It’s sad Charles Daly is out of business. I do wonder where they got the machinery from to make these outstanding pistols!

    Anyway these are great pistols at any price. Buy one and shoot it you’ll love it.

    One thing thought…I do have meaty hands. The commander type hammer doesn’t bite me! Thank you Charles Daly for taking the bite out the High Power.

  14. Gunner said

    Hi Franz,

    They are wonderful pistols! They actually were made by FEG in Europe. They sent the parts over where Magnum Research assembled and finished them to a higher degree then FEG made. Then they stamped them Charles Daly:-)


  15. mastermason237 said

    Nice to hear from you Phil….Love the CD HP!

    Very nice for the price!!!

    Now that’s poetic!

  16. dirk said

    Just picked up a nice used CD HP at the Rochester NY gun show. I was impressed by the build quality and price. ($275 w/ extra clip) Took it home and put a few rounds through it; shoots very well but trigger is heavy so I took your advice and sent off an order to C&S for springs and trigger. I did notice the trigger pin tends to back out and wondered if you had any thoughts on that. Thanks!

  17. Gunner said


    Good for you that’s a very good price! I’ve not experienced that problem. I can think of two ways to fix it. One would be my second choice but you could use some Loctite blue and very carefully apply a small amount to both sides of the pin from the exterior. You certainly don’t want it to get into the trigger and lock it down. My first choice and the one I think would be the best is to check Brownells website for a new trigger pin. If Brownells doesn’t have one I would call C&S and ask if they might possibly have an extra around they would sell you. They are nice folks and might even just send you one.


  18. dirk said

    Thanks, Phil! I’ll look into a different trigger pin. When I install the new C&S trigger and remove the mag. safety I’ll mic the pin and see what I can come up with. I’ve even made them from drill bit shanks before!

    “The problem with Democracy is it attracts too many people with too much time on thier hands”
    -Will Rogers

  19. Gunner said

    My pleasure Dirk:-) hey if you can do things like that your in good shape. I’m betting when you mic that pin it will be on the small side which may not be a factory foulup but a previous owner getting carried away.
    Take care

  20. Dirk said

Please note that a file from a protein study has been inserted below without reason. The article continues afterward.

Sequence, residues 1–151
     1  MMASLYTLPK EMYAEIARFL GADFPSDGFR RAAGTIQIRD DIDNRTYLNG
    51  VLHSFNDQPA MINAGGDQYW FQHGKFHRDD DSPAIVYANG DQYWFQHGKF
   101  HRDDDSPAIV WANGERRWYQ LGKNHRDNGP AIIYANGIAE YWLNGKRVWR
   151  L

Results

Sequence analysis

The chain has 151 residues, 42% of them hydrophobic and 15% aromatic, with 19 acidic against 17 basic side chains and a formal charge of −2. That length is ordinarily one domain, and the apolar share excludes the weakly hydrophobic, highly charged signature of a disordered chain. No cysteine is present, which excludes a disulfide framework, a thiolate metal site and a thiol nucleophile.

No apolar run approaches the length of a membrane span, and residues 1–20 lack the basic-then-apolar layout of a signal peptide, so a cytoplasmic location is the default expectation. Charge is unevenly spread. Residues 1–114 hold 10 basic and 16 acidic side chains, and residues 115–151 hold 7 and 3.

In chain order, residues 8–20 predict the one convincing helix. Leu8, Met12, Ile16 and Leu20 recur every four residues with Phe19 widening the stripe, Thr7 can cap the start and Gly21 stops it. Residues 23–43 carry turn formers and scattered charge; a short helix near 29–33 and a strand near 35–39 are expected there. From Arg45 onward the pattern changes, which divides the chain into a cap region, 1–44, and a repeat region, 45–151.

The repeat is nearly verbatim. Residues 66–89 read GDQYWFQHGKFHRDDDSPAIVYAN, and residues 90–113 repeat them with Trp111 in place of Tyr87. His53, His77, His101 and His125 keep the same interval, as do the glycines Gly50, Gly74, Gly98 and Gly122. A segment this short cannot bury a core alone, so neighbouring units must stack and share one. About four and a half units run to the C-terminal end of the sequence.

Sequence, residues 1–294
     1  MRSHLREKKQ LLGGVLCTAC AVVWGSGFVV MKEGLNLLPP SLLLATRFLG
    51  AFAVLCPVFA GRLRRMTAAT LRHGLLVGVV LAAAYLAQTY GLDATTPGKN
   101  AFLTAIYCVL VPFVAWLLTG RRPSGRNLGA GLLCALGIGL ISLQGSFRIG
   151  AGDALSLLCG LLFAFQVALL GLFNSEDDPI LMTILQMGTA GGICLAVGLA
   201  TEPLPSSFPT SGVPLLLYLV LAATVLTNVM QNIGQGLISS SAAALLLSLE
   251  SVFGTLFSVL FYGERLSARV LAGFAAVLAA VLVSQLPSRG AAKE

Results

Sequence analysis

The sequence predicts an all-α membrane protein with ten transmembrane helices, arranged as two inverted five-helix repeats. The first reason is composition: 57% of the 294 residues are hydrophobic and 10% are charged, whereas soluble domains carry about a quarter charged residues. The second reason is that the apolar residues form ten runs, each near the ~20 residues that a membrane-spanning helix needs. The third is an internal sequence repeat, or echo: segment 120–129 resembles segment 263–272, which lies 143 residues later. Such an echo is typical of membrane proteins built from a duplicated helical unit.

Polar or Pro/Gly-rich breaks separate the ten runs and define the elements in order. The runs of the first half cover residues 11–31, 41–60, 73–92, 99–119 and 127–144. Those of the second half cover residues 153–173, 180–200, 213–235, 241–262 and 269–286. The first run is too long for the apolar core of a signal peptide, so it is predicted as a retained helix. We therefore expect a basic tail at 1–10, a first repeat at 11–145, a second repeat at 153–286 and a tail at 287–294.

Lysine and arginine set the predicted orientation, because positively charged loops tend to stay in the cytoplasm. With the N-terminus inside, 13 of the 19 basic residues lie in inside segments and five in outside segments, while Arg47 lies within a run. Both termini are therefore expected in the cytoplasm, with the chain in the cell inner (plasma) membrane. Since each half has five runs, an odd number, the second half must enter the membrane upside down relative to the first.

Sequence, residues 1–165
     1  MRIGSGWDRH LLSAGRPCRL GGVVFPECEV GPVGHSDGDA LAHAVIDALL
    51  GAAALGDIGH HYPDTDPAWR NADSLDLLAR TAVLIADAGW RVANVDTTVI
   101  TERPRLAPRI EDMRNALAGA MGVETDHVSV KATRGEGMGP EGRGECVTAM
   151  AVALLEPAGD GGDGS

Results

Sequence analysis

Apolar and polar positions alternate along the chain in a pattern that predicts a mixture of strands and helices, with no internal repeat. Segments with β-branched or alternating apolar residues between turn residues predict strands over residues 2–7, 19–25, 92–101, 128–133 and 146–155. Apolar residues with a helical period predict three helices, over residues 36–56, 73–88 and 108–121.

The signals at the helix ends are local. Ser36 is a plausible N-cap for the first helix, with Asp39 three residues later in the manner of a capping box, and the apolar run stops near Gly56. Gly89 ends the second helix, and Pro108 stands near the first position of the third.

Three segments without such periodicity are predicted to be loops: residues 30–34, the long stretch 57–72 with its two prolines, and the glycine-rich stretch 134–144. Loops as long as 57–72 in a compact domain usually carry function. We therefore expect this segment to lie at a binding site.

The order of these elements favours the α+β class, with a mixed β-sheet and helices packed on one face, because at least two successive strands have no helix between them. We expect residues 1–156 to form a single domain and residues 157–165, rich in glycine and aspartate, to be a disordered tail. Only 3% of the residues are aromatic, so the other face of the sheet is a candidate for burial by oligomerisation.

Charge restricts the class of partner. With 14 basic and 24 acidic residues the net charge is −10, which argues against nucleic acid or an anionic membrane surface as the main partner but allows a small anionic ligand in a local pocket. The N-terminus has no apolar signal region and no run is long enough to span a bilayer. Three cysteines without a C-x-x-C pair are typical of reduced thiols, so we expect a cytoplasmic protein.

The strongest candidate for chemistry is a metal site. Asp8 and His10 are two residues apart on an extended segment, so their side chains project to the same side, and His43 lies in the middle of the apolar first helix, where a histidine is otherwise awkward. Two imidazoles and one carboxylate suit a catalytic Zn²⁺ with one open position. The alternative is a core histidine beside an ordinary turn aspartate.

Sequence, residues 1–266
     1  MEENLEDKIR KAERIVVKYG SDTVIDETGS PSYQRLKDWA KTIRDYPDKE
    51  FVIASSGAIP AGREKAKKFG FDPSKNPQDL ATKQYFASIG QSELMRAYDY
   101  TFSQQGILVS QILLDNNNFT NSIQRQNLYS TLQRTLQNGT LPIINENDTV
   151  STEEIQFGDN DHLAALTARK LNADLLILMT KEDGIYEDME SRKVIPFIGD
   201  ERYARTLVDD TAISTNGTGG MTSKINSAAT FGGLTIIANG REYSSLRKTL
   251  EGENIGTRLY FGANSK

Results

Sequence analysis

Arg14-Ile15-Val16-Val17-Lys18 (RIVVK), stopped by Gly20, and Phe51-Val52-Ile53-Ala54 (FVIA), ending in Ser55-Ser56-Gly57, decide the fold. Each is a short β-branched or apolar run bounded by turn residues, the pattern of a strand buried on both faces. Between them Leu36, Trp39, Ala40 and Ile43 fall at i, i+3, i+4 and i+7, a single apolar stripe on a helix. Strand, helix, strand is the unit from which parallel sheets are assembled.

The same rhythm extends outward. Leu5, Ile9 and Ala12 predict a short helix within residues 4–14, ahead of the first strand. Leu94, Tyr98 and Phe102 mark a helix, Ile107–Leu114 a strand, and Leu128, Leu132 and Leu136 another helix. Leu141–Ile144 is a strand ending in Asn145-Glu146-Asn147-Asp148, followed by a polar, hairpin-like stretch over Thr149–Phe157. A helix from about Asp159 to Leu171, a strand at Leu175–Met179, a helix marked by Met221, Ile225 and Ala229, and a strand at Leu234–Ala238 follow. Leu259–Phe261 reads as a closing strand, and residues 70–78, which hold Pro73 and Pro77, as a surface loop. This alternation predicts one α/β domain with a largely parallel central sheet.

Morning Gunner,

    Measured the OD of my CD barrel at 0.498″ and the ID of my
    slide at 0.511″ giving me a 0.013″ clearance which seems loose to me. Think it’s worth tightening up for improved accuracy in your experience? Wondered if Bar-Sto barrels come with a larger OD. Appreciate your advice!



  21. Gunner said

    Hello Dirk,

    Well sir that sounds a little loose but you have to weigh that with reduced reliability.
    As far as barrels most companies make oversize barrels for gunsmith fitting. C&S may have some as well. This Bar Sto is a match barrel or oversize for gunsmith fitting. The price is $210. There is a drop down menu to pick your choice of barrel. They also have a semi drop in as well.The semi drop in you may be able to fit yourself. You sure can’t beat the quality!
    If it were me I’d go with a Bar-Sto semi drop in unless you know a good gunsmith to fit the lugs and mate the front of the barrel to the frame.

    Take care.

  22. Dirk said

    Hi Phil,

    I found a easy way to hold the hammer back while working on the sear. I run a zip tie thro’ the ring on the combat hammer and through the frame and over the sear spring. Nice thing is that the zip tie holds the sear spring in place and slightly depresses it for an easier time reinstalling the sear. I ordered a Browning national match barrel last week; too impatient to wait for a Bar-Sto; I guess they are backed up for months. So we’ll see how much better that locks up compared to the OEM barrel.


  23. Gunner said

    Hi Dirk,

    Great idea since we don’t have three hands:-)I’d sure like to hear how it works out when your finished with it!


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  25. Solomon said

    This is a great article! I am a big hi power fan and I’ve been looking @ the Charles Daly hi power for quite some time. The comparisons made in this article are exactly what buyers need to know. Details are on point about what can be done in terms of modifying the pistols to make them better and what can be left alone. Thanks for taking the time to evaluate both guns and sharing the knowledge you found.